The Inside Baseball On Providing Valuable But Sophisticated Data Visually So Clients Understand Their Wealth Management Journey
The Major League Baseball playoffs are underway, much to the delight of millions across the country. Were you to tune into any game over the next few weeks, you’re increasingly likely to hear the announcers talk about things like wins above replacement (WAR), on-base plus slugging percentage (OPS) or even weighted runs created plus (wRC+).
Adherents to so-called advanced analytics are delighted to see more of the public embrace these types of data points, which they say give additional meaning and context to games and allow fans to appreciate the true value of each player. Still, some fans haven’t been as quick to embrace the ongoing data revolution.
They don’t care – or even want to know – what some of these new-fangled terms mean. What’s more, they chafe at the implication that their way of looking at things is wrong.
Your clients can feel the same way whenever they confront unfamiliar jargon about their investments. Therefore, you must balance the desire to provide them with more data-rich insights and analytics with ensuring the information is relevant to their needs and, importantly, easy to understand. This is where a good technology platform can be the solution.
A Second Look
Before getting to that, let’s get back to baseball for a moment. For over 100 years, having a high batting average and putting the ball in play were synonymous with value. Conversely, anyone who hit for a low average and struck out a lot was barely worth a roster spot.
But in time, batting average has become less and less important. The reason is that it reveals very little, by itself, about how productive a player is.
For example, let’s say a player has a .325 batting average. In most recent years, that would lead the league and land them on the all-star team. Sounds great, right?
But assume for a second most of their hits are singles with the bases empty. Do they really create more value than another player whose average is 90 points lower but has a significantly higher OPS, which suggests that even though they had fewer hits, the ones they did have were far more impactful? The easy answer is no.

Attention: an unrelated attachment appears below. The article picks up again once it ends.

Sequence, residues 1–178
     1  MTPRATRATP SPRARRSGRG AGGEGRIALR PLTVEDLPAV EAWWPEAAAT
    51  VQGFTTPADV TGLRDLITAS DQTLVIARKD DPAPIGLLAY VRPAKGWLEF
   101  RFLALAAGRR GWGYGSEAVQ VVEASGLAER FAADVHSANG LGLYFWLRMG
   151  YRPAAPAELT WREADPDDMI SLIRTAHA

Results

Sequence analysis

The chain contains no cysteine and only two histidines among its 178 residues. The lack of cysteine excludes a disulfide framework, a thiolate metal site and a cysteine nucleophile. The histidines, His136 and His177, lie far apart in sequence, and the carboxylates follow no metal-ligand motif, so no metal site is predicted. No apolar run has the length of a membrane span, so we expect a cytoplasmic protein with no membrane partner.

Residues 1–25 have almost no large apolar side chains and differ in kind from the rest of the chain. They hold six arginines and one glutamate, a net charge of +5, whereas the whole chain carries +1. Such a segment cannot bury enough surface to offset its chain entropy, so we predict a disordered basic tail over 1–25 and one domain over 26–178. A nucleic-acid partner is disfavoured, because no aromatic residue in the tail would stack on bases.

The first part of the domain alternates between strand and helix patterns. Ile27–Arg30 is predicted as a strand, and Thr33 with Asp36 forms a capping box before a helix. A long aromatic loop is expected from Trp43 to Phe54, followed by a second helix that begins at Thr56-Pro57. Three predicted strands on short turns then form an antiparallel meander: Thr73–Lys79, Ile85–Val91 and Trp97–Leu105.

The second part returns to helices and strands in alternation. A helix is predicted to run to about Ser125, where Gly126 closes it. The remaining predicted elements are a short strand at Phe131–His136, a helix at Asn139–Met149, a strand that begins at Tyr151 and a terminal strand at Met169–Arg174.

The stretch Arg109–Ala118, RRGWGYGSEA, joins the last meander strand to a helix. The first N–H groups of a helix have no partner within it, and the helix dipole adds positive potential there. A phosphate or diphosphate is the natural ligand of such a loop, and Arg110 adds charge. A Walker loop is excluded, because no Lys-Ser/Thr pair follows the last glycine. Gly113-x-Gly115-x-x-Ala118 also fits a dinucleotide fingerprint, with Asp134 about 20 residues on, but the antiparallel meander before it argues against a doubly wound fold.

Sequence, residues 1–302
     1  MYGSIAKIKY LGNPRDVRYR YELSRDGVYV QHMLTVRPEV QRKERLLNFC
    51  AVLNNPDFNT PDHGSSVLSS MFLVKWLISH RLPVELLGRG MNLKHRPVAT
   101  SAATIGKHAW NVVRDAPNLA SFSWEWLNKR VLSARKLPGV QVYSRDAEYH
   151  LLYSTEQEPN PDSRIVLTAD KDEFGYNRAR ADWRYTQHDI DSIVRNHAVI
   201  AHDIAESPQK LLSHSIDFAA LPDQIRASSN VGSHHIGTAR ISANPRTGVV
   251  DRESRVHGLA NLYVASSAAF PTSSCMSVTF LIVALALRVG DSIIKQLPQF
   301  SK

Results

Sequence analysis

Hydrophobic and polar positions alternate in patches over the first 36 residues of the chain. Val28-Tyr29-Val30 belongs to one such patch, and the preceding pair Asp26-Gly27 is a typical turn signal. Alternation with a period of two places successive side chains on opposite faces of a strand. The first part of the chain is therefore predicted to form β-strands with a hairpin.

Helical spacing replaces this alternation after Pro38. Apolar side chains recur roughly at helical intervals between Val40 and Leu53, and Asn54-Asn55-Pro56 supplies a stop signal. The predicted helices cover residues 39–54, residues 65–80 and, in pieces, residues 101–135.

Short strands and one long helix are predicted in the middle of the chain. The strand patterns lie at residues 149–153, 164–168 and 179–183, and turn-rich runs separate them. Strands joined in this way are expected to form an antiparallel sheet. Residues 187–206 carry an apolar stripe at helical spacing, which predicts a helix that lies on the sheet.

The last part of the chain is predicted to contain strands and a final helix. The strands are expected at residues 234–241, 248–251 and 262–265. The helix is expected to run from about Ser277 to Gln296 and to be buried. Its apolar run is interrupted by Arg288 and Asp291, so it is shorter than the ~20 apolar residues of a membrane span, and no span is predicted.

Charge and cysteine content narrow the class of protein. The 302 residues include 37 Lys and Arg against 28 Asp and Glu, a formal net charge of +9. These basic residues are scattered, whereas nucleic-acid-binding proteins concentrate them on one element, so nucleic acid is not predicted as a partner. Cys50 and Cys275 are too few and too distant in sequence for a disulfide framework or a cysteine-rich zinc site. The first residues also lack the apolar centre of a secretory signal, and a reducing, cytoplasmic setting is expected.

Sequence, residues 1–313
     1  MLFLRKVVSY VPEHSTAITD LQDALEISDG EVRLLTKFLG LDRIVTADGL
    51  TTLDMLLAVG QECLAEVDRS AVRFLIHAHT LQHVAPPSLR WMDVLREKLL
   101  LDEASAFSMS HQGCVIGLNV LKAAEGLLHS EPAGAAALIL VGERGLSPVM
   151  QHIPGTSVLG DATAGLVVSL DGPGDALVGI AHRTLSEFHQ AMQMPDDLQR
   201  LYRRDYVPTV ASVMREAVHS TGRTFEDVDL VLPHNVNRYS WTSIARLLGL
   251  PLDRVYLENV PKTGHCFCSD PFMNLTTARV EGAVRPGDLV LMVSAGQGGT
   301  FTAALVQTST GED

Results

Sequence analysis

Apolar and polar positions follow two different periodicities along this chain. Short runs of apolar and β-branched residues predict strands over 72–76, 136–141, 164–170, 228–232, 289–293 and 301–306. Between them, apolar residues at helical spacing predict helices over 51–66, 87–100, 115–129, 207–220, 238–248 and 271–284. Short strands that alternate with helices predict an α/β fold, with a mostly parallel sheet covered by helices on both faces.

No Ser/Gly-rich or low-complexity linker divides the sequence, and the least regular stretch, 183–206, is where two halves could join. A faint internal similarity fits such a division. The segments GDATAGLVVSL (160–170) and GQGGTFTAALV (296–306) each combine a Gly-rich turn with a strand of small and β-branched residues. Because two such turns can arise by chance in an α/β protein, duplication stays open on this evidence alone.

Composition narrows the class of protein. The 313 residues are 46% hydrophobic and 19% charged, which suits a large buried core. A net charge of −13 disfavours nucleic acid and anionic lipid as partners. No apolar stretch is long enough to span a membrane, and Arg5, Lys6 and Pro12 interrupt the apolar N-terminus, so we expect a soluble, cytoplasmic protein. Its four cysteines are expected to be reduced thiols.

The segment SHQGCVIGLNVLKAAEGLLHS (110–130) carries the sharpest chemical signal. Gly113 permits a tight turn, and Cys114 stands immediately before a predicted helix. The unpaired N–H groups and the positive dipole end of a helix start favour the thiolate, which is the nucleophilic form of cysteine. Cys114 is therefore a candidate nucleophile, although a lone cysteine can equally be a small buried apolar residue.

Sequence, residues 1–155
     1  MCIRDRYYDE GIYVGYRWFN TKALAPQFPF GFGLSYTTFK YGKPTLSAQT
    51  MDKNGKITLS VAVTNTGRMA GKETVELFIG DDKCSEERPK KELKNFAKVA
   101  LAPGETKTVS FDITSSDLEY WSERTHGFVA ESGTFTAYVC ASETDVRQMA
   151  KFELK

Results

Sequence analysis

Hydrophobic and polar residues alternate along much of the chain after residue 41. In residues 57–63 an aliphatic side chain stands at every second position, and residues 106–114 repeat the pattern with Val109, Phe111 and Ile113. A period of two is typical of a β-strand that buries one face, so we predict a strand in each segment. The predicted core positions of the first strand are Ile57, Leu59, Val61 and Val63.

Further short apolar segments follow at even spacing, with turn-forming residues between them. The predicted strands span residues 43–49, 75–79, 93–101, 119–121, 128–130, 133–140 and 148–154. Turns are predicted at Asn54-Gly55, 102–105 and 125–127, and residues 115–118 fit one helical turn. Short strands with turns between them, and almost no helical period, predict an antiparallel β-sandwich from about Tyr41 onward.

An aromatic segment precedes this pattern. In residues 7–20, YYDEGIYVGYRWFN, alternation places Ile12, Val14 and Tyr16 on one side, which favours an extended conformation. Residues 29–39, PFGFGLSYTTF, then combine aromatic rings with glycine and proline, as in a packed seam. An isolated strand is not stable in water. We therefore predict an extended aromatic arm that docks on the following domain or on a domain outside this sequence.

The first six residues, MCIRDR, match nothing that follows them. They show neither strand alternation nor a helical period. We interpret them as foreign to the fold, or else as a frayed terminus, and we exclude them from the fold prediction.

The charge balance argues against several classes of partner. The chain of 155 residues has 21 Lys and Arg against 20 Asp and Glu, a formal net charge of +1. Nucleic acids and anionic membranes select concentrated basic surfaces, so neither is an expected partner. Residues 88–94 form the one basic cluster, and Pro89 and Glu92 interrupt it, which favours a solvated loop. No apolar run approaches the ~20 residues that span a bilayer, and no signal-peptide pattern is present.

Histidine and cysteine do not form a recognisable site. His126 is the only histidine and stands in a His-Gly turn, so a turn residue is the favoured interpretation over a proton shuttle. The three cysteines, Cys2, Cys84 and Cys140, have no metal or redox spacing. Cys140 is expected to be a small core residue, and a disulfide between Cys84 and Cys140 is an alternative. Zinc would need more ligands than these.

Much like batting average, some traditional metrics used to evaluate and predict portfolio performance are similarly flawed. One example is volatility.
The term gets tossed around a lot when markets go through periods of ups and downs, almost as if it’s purely an adjective. But it has statistical roots, measuring the extent to which the price of an asset varies over time.
Though that sounds simple, the problem is that it doesn’t differentiate between underperformance and overperformance. Since most investors are not likely to get too alarmed if one of their investments does better than expected for an extended period, that’s an issue.
In fact, in some cases investors need more volatility to reduce the risk of not achieving their financial goals. This, in part, is why terms and concepts like risk adjusted returns, factor attribution and goals-based analytics are gaining more traction within the investment community.
For our purposes here, it doesn’t matter what these terms mean. The larger point is that they, along with many others, can help investors navigate the constant tug-o-war between risk and return. Yet, because these concepts are not well understood, if you stumble when trying to introduce them to a client, it could end up doing more harm than good.
The better approach is to arm yourself with tech that makes easy-to-follow graphs, charts, diagrams and other forms of visual stimulation the foundation of its client-facing offering. That way, you can communicate the importance of relevant concepts without ever having to say words like “factor attribution.”
Nearly two-thirds of the general population are visual learners. Your clients are no different. Therefore, visuals, via a single click of a mouse, are far likelier to facilitate an intuitive understanding of their wealth management journey better than any amount of words or numbers ever could.
Want to show a client how an overlay strategy could impact their risk-adjusted performance? To paraphrase the famous Apple commercial, there should be a chart for that. What about demonstrating how taking on more (or less) risk will affect their ability to reach their goals? You need a chart for that, too. We could go on and on.
Clients are human. Some of them will embrace new ideas and thrive because of it. Others, though, could have a different instinctual reaction – especially when money is involved.
They may become paralyzed or even afraid, thinking, like the longtime baseball fan who doesn’t want to hear anything about wRC+, “This is new. I don’t like it. What’s wrong with what I’ve always done?”
A good tech platform can make all this a moot point by letting complex data come alive through visuals – which enables clients to process data how they want to and allows advisors to focus on service, not trying to teach a master’s level statistics class.